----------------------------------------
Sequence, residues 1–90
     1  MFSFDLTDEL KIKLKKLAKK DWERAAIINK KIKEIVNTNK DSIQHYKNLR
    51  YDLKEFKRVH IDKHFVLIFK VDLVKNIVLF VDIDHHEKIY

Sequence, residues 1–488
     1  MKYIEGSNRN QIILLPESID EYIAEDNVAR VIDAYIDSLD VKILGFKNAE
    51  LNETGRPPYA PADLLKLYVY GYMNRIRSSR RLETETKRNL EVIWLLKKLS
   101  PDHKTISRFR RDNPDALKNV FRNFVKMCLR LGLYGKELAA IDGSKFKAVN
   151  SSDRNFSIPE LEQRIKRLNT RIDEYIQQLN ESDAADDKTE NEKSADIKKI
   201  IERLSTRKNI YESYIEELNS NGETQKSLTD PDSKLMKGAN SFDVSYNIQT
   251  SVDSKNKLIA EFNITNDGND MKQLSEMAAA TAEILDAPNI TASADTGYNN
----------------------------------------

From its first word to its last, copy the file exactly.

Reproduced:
Sequence, residues 1–90
     1  MFSFDLTDEL KIKLKKLAKK DWERAAIINK KIKEIVNTNK DSIQHYKNLR
    51  YDLKEFKRVH IDKHFVLIFK VDLVKNIVLF VDIDHHEKIY

Sequence, residues 1–488
     1  MKYIEGSNRN QIILLPESID EYIAEDNVAR VIDAYIDSLD VKILGFKNAE
    51  LNETGRPPYA PADLLKLYVY GYMNRIRSSR RLETETKRNL EVIWLLKKLS
   101  PDHKTISRFR RDNPDALKNV FRNFVKMCLR LGLYGKELAA IDGSKFKAVN
   151  SSDRNFSIPE LEQRIKRLNT RIDEYIQQLN ESDAADDKTE NEKSADIKKI
   201  IERLSTRKNI YESYIEELNS NGETQKSLTD PDSKLMKGAN SFDVSYNIQT
   251  SVDSKNKLIA EFNITNDGND MKQLSEMAAA TAEILDAPNI TASADTGYNN